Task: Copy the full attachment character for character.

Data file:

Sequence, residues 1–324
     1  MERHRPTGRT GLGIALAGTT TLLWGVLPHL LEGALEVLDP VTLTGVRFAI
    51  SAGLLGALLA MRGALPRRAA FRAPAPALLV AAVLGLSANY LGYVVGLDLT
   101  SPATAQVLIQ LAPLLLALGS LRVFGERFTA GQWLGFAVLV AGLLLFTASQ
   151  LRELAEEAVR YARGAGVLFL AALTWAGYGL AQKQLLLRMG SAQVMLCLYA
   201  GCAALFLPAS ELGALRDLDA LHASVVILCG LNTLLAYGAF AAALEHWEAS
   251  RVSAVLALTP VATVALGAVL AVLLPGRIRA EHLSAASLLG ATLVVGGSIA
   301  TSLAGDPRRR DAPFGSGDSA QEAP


Sequence, residues 1–324
     1  MERHRPTGRT GLGIALAGTT TLLWGVLPHL LEGALEVLDP VTLTGVRFAI
    51  SAGLLGALLA MRGALPRRAA FRAPAPALLV AAVLGLSANY LGYVVGLDLT
   101  SPATAQVLIQ LAPLLLALGS LRVFGERFTA GQWLGFAVLV AGLLLFTASQ
   151  LRELAEEAVR YARGAGVLFL AALTWAGYGL AQKQLLLRMG SAQVMLCLYA
   201  GCAALFLPAS ELGALRDLDA LHASVVILCG LNTLLAYGAF AAALEHWEAS
   251  RVSAVLALTP VATVALGAVL AVLLPGRIRA EHLSAASLLG ATLVVGGSIA
   301  TSLAGDPRRR DAPFGSGDSA QEAP